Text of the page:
Friday, December 24, 2010

Opposition to new 'free range' standard is about more than just stocking density

The Australian Egg Corporation's proposed standards for 'free range' egg production have met a barrage of opposition from the industry and consumers.

The absurd proposal is more than just a question of the stocking density being raised from a maximum of 1500 birds per hectare to 10,000 – 20,000 per hectare.

Under the standards (if they are adopted) the young hens will be kept in semi-darkness within electric hot-wired sheds to prevent free roaming and to force them to lay eggs in nests on conveyor belts.

They will be locked in the sheds for the first 26 weeks of their lives to ensure they are set in their habits and are less likely to ever venture outside to forage.

As they can start laying at around 16 – 17 weeks, those eggs should certainly be called barn-laid, but they will be labelled as free range.

They will be beak trimmed at one day old or soon after, which contravenes the Model Code of Practice for the Welfare of Animals – Domestic Poultry.

If the weather is too hot, too cold, too wet or windy then the hens will be locked in the sheds because these conditions may cause extra work; for example, mud from dirty feet might clog the belt egg collection system, or having the doors open may interfere with air conditioning.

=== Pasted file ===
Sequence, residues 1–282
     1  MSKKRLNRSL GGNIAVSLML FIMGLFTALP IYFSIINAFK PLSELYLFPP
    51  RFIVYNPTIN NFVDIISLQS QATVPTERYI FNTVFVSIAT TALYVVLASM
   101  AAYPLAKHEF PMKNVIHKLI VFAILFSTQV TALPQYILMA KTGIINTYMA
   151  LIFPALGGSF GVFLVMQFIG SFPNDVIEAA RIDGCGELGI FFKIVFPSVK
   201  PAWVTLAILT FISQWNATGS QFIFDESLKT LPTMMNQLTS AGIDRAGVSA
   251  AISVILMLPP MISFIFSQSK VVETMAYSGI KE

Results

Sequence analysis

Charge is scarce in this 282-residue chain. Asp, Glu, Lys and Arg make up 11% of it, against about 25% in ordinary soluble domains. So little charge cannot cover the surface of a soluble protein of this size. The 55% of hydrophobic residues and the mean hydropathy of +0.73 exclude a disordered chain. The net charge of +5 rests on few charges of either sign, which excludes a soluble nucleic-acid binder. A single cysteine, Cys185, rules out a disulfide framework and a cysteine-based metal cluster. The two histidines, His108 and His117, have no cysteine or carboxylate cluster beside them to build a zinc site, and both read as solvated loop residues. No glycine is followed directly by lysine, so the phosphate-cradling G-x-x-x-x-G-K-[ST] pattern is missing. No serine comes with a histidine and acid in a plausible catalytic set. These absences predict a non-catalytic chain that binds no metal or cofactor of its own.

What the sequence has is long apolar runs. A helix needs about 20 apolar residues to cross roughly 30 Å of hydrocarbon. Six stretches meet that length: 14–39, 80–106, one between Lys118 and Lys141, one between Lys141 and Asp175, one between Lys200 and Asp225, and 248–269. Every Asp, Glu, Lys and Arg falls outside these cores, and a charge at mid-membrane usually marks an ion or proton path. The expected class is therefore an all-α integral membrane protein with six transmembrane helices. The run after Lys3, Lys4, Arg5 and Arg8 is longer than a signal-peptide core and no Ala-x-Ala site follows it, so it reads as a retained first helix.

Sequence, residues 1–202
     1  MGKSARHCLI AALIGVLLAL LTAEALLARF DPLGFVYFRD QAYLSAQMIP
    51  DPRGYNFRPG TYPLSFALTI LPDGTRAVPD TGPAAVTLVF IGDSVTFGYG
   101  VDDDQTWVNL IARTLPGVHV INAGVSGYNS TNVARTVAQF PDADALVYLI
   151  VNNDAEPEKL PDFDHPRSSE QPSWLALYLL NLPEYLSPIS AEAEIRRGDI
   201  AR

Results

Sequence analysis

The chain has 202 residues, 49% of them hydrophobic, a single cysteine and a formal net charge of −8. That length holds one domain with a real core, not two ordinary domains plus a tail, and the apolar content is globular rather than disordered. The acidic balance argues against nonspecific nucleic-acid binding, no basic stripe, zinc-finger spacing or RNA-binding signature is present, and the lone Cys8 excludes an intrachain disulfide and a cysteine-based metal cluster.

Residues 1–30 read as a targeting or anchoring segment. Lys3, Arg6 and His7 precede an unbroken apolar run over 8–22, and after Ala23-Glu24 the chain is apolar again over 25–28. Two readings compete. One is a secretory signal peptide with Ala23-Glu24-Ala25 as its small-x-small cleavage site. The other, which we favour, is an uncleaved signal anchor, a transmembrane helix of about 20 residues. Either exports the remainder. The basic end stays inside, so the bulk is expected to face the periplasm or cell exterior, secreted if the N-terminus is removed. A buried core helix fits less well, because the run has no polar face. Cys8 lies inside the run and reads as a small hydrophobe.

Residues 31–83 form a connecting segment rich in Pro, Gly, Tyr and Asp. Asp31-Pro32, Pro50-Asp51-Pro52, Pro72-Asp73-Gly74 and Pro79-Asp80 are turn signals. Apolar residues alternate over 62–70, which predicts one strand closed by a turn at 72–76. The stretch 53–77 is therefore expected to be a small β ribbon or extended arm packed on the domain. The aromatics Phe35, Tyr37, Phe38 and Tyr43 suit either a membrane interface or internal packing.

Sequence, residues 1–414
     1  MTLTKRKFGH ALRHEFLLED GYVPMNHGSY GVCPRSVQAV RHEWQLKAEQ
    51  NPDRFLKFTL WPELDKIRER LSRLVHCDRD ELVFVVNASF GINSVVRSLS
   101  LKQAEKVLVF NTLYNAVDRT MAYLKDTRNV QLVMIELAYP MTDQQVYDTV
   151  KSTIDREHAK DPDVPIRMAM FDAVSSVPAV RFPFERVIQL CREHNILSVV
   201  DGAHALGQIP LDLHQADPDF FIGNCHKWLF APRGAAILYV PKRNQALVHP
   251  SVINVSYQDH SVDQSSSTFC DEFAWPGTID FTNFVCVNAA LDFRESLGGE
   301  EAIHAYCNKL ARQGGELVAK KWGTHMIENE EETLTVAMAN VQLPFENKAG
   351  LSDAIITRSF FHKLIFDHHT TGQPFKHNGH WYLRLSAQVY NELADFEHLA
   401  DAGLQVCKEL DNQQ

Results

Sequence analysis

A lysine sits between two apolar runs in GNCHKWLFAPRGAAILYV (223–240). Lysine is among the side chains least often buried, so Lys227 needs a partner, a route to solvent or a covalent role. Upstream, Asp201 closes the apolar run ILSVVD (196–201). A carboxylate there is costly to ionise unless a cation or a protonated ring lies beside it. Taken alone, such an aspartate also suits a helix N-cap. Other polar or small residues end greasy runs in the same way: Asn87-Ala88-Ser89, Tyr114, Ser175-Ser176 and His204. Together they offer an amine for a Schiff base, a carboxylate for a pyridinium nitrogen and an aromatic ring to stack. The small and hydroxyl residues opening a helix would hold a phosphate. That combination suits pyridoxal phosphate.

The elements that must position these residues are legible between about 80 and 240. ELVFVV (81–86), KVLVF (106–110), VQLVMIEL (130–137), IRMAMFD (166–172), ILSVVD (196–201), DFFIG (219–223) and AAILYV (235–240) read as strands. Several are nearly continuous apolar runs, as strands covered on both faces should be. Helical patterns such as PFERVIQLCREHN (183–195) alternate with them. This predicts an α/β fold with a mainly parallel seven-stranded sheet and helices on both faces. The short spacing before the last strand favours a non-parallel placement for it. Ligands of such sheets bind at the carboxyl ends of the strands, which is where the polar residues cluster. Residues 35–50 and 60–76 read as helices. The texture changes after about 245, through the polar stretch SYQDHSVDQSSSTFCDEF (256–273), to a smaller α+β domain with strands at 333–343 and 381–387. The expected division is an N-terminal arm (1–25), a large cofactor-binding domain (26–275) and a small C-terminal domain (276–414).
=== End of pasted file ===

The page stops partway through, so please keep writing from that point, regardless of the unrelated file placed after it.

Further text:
The proposed standards minimise human contact with the hens and are likely to have adverse effects on good animal husbandry practices and hen welfare.

If the factory farms do let their birds out, it will only be after the hens have finished laying – in the heat of the day. So why would a hen want to go out? They prefer the cool of the early morning and evening.

These standards are being proposed, not for the 'improvement of standards' as claimed by James Kellaway of the AECL, it is simply to facilitate the conversion of free-range egg production into a factory system.

Members of the Free Range Farmers Association Inc. have a maximum stocking density of 750 birds per hectare and beak trimming is prohibited. There is no need for de-beaking or beak trimming on a real free range farm.

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